Hiking to San Fruttuoso: The Perfect Day on the Italian Riviera

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Our favourite day trip on the Italian Riviera is the hike from Camogli to San Fruttuoso in the Portofino Regional Park. The day includes pretty seaside villages, a forest hike, good food, a swim in the turquoise sea of an isolated bay, an ancient abbey, and a ferry ride along the beautiful Ligurian coastline. It doesn’t get much better than this. 


Our perfect day began with the 8.16am train ride from Rapallo to the fishing village Camogli, just nine minutes away. It’s an easy walk from the train station down to the waterfront where we ate slices of focaccia in the warm morning light overlooking the harbour of pastel coloured villas and fishing boats.

Camogli, Italy
Camogli, Italy
Camogli beach, Italy

Camogli is much smaller than Rapallo and Santa Margherita with a quieter, laid-back vibe. The pebbly beach is a more pleasant place to relax as there’s no busy road running along the seafront like there is in the larger towns. We’d like to have had more time to explore this cute village, but we wanted to start our hike before it got too hot.

San Rocco

From the seafront, we could see our next destination—the church of San Rocco perched disturbingly high above the cliffs on the wooded peninsula. At least we knew what direction to head, so we followed the harbour road until we reached a parking lot and police station where there are signs for the trail to San Rocco. The trail marker is two red dots and a red ring—at San Rocco, those two trails will divide for alternative routes to San Fruttuoso.

We hiked for 30 minutes up many steps to San Rocco Church. Here we found views back down to Camogli, a cafe for an espresso boost, and a water tap at the start of the trails to refill your bottle.

The view from San Rocco, Camogli on the way to San Fruttuoso
The view from San Rocco

The Trail to San Fruttuoso

From San Rocco, the trail divides and there are two options to get to San Fruttuoso. The coastal trail via the Batterie with its World War II bunkers has the best views but is harder and only recommended for expert hikers. It includes a section where you have to use chains to navigate the slippery rocks above steep drop-offs. This trail is supposed to take 2.5 hours from San Rocco (although some people report longer) and the trail marker is two red dots.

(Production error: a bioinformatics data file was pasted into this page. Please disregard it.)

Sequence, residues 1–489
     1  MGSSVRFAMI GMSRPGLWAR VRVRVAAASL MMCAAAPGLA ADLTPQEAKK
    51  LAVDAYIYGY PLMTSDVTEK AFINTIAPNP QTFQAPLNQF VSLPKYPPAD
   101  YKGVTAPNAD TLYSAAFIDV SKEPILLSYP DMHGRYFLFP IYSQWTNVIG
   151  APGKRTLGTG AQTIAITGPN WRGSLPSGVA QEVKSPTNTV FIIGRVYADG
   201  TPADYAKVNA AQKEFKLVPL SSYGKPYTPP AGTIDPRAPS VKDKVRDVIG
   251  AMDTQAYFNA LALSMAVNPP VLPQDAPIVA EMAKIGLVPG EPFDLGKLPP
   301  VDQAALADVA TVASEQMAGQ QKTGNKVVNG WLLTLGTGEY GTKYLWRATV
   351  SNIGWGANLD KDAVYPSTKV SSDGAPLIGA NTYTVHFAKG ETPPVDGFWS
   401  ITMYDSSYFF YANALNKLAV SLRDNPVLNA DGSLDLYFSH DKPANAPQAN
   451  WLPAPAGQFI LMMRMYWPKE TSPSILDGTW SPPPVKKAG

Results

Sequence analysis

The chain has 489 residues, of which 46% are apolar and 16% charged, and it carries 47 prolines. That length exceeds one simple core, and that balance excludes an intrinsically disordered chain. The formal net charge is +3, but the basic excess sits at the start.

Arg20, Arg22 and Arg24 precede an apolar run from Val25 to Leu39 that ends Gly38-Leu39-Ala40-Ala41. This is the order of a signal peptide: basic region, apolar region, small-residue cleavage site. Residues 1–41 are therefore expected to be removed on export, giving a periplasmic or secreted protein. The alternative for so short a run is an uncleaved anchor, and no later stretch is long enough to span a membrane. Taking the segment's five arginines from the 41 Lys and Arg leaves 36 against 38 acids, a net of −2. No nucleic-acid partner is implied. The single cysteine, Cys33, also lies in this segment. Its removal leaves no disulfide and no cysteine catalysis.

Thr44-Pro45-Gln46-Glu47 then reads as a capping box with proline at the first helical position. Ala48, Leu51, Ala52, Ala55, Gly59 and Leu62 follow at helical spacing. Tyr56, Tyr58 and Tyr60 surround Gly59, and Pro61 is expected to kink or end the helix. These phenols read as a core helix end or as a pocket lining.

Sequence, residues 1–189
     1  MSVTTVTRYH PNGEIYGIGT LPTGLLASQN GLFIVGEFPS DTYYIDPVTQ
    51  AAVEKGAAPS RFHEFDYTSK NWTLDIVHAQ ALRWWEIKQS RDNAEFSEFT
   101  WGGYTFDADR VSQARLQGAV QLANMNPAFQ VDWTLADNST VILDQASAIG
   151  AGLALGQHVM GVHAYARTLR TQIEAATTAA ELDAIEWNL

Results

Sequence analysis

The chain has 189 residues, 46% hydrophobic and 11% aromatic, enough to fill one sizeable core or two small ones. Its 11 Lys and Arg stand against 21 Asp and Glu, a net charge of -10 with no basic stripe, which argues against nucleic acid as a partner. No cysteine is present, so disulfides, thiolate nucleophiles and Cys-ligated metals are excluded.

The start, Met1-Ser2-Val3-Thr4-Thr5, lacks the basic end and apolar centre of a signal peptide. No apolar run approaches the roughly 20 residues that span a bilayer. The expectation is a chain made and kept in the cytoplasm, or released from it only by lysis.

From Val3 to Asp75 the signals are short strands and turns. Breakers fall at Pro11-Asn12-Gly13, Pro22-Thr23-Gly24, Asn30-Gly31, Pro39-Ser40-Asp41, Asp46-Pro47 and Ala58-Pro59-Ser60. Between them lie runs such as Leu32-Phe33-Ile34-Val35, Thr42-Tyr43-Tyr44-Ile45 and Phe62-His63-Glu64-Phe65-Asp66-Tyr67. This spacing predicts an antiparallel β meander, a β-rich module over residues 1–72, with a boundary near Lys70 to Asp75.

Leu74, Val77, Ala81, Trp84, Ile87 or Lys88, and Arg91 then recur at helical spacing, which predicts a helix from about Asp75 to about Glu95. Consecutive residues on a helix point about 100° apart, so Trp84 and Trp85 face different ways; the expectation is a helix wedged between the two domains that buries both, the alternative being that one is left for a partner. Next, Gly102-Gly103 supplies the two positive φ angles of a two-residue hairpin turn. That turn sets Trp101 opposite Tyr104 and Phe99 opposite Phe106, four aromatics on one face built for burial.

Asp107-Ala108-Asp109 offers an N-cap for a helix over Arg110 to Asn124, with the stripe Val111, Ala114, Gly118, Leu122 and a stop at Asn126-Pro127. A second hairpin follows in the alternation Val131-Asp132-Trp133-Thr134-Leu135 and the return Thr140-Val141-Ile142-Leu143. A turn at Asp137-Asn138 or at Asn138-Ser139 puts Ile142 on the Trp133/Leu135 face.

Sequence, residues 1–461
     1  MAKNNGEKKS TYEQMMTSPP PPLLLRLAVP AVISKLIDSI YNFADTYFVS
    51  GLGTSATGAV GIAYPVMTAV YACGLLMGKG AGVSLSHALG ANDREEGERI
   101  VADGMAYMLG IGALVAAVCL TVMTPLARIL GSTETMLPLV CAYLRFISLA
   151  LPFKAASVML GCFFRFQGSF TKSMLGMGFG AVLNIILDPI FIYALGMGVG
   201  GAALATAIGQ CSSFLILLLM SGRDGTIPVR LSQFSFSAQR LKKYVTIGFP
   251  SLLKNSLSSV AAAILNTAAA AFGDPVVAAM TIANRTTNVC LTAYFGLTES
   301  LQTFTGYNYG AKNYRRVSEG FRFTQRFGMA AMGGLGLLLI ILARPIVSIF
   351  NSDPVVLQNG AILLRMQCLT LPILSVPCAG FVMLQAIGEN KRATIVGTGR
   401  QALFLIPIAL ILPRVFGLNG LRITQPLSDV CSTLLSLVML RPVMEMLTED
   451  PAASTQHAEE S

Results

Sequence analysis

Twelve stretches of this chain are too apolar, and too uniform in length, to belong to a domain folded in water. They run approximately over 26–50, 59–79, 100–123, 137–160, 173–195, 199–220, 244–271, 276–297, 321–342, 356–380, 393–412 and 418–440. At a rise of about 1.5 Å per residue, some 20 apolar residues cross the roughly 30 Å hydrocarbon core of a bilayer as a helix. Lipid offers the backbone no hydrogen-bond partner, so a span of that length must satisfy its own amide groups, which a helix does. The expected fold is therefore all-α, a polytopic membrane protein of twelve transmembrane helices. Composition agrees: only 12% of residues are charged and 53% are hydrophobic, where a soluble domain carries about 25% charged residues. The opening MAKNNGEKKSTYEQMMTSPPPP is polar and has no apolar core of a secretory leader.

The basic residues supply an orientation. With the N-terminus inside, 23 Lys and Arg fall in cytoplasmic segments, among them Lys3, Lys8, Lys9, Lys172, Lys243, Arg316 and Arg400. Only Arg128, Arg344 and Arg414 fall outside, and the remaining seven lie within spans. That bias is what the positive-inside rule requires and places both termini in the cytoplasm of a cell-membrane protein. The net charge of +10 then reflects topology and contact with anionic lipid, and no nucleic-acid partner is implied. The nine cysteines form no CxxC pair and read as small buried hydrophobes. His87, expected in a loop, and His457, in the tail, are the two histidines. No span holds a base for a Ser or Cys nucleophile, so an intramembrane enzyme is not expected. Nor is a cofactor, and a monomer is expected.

We were scared off by some horror stories of that trail and took the easier inland trail through Pietre Strette. The trail is marked by a red ring and is well-marked and easy to follow. It’s supposed to take two hours from San Rocco, but the entire hike from Camogli to San Fruttuoso (including a break at San Rocco) took us two hours. We found it quite easy (the steepest bit is up to San Rocco) and in hindsight probably would have been fine on the coastal trail.

Our hike took us through chestnut and olive groves and pine forest and was a mix of ups and downs until we reached the middle of the peninsula and cut down towards San Fruttuoso. From there it’s 50 minutes downhill all the way along many switchbacks. The trail is rocky, so decent shoes are needed.

Hiking from Camogli to San Fruttuoso
Simon and our friend Dunstan on the trail
Hiking from Camogli to San Fruttuoso
Most of the trail is through forest
Hiking from Camogli to San Fruttuoso
There are occasional sea views

San Fruttuoso

Arriving in San Fruttuoso is such a treat. The hamlet consists of a few restaurants, a 10th-century Benedictine monastery of golden stone, and a 16th-century watchtower that overlook the small pebble beach and vibrant turquoise sea. With the dramatic mountain backdrop, it feels secluded and far from the real world, despite the crowds on the beach.

San Fruttuoso monastery, Italy
Our first look at San Fruttuoso
The remote abbey and beach of San Fruttuoso is one of the highlights of the Italian Riviera in Liguria. The hike from Camogli to San Fruttuoso and the ferry back to Rapallo was the perfect day trip. Click through to read all about it.

We enjoyed the view as we ate a tasty pesto lasagne lunch with local white wine at Da Giovanni and then hit the beach. You can rent sunbeds and umbrellas or half the beach is free. Floating in the clear water looking back at the abbey and the mountain we’d descended was a special experience. You can also visit the monastery